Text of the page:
i wondered if i was getting sight seeing overload while wandering around avignon. i found myself disappointed with the town. i’m trying to explain it to myself. maybe because the song learnt so long ago left an impression of a pretty city with a bridge and that image has stuck. the reality is a lovely set of walls and gates with plane trees harmonising beautifully with the mellow stone but inside those walls not a lot to please the eye. the enormous palais des papes is a thumping great monstrosity bearing down over a square which has a garden up high on one side.
there is a church as well, equally imposing. i didn’t have any desire to go into any of it which isn’t like me.
after arrival and easy parking plus coffee we found the tourist office where an enthusiastic chap gave us a map and told us about the exhibition we had seen advertised on various trees! it is in the old prison, not the normal venue for this art gallery to use and not a building that is often open. we soon found out why! the maison d’arret was down several flights of stairs under the walls of the palais and hidden in a narrow back street. we gulped at the entrance fee which was more than we had paid so far this holiday but soldiered on in high expectation.
oh, it was grim. not just the building but the artworks. the cells were the exhibition spaces and there were a lot of them!
nothing had been done to them since the last inhabitants left (only ten years ago) to enhance the experience! even the toilet was in one. claustrophobia had got to me by then and i crossed my legs rather than use it!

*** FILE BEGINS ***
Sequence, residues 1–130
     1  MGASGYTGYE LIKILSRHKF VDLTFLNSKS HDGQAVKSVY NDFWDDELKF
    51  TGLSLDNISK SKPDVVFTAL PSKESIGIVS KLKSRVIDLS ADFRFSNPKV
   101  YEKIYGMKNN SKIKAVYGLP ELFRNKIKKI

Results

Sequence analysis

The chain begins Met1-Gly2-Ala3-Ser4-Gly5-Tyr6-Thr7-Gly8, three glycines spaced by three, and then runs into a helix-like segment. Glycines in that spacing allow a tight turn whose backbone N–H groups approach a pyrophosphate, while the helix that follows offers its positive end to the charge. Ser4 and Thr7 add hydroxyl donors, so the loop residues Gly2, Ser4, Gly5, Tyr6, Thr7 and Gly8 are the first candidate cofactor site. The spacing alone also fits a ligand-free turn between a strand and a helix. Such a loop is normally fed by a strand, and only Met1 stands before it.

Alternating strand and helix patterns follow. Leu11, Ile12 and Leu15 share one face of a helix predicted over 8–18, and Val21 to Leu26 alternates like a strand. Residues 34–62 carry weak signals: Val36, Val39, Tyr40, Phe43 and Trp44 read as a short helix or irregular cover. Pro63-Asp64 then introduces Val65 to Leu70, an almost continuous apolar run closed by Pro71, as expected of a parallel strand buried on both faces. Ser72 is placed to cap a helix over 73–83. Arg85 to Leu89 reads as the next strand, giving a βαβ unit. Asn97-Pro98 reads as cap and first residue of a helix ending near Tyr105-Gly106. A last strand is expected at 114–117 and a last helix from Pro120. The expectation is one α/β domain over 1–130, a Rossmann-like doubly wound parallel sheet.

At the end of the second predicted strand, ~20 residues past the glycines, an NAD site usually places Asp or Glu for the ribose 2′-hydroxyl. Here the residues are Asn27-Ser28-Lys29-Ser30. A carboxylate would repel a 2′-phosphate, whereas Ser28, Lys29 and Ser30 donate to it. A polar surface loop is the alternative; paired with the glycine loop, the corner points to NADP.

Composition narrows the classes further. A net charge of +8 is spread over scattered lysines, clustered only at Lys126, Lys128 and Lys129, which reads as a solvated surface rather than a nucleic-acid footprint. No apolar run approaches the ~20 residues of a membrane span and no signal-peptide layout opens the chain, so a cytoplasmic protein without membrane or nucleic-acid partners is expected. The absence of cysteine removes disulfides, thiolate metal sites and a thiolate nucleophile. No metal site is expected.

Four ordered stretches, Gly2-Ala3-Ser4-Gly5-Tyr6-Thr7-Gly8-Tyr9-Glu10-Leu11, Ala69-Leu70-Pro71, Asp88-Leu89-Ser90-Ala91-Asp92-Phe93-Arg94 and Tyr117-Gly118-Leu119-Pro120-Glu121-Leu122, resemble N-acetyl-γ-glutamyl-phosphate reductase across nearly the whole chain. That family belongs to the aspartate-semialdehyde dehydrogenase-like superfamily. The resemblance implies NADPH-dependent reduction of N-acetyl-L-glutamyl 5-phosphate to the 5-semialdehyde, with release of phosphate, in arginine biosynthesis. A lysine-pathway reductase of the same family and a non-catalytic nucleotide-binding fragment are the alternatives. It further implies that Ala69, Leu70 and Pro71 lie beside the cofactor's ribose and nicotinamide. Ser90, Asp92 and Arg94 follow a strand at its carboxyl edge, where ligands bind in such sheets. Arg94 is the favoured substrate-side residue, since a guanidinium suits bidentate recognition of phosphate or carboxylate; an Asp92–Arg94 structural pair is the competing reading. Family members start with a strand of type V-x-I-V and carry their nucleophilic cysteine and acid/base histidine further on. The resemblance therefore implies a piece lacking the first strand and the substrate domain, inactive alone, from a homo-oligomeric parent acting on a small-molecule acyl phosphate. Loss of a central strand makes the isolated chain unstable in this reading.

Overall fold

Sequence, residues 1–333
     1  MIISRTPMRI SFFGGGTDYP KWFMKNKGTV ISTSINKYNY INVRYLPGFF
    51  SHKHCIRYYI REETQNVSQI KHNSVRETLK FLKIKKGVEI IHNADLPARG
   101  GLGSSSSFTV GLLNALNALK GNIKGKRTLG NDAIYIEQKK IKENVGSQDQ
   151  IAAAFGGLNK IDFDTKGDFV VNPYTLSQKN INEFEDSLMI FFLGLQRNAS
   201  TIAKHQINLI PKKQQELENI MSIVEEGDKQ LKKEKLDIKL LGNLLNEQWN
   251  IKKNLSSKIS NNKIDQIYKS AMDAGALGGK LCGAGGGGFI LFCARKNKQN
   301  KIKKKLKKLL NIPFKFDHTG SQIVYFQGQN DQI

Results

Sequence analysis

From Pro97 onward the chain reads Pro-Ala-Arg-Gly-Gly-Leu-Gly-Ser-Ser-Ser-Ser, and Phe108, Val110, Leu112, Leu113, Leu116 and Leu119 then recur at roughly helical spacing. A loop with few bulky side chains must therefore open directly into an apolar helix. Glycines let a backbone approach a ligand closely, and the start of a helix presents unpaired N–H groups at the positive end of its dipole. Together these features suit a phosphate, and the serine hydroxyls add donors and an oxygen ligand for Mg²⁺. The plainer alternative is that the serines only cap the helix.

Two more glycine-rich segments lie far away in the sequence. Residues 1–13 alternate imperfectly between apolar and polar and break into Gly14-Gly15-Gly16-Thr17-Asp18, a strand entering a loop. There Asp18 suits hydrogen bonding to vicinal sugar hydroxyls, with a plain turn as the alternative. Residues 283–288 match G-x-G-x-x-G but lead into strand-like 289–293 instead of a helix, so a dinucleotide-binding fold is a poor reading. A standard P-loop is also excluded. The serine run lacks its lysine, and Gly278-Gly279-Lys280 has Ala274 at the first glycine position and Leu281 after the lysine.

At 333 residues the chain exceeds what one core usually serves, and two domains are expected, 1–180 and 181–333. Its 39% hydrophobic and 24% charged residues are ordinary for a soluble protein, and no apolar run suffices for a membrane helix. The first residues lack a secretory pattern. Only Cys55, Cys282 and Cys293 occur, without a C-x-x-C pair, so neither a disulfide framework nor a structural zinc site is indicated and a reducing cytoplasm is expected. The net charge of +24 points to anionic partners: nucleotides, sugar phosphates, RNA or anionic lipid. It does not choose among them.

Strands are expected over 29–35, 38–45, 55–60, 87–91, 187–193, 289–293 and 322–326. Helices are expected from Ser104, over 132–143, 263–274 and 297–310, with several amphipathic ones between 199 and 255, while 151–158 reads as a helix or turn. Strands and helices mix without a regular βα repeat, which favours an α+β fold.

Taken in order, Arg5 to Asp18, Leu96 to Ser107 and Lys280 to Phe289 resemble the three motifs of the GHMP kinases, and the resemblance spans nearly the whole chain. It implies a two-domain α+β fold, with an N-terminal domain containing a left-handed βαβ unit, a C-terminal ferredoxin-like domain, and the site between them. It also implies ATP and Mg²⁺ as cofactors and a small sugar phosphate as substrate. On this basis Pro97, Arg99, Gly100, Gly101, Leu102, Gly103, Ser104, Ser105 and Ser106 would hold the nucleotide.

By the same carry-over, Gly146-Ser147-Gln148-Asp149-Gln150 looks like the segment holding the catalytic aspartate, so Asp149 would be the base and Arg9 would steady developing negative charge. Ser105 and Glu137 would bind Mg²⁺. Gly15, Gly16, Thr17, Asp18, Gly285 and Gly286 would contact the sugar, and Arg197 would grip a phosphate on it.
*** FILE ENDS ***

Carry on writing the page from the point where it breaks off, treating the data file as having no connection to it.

we pushed on but i have to admit that up on the second floor i suddenly felt very bad and had to walk very fast past the open cell doors and stand, breathing deeply, at the top of a flight of stairs that promised to take me down the ground floor and, hopefully, the exit. lou went on looking into cells and spotted there were some andy warhols. the title and frontispiece of the exhibition should have warned us, i suppose, but it didn’t. the inspiration was an article by pasolini in 1975 who noticed the fireflies had disappeared in his home due to pollution. hence the outpouring of gloom! the whole lot is enia righi’s private collection. rather him/her than me.
after that we were very pleased to be back in the sunshine and hungry! the restaurants around the place de horloge and the square in front of the palais seem over priced and not very special. we found a little square called the place des calmes with plane trees and a couple of cafes.
they seemed friendly and local so we plumped for one of them. a big bowl of fig, mozzarella and jambon cru salad and i began to feel less hunted.
then we wandered back to the car through narrow and apparently unloved side streets and main roads full of shops. in the square next to les halles, an extraordinary building covered in dark foliage, there were some brocante sellers with their goods spread out on the paving slabs.
so some bright moments but i still didn’t feel much affection for the place. this morning as we drove out to find the road to nimes we drove along the side of the rhone and past the bridge of the song and it is very pretty, i’m glad to say!
People always moan that prisoners have too good a time in prison, without realising how claustrophobic the cells and lack of freedom can be (when I used to visit HMP Maidstone I was always surprised at how small the cells were) . I think I would have really liked that venue, for the building, the interest of the prison cells and the art work.
mmm, not convinced, gwen, not convinced!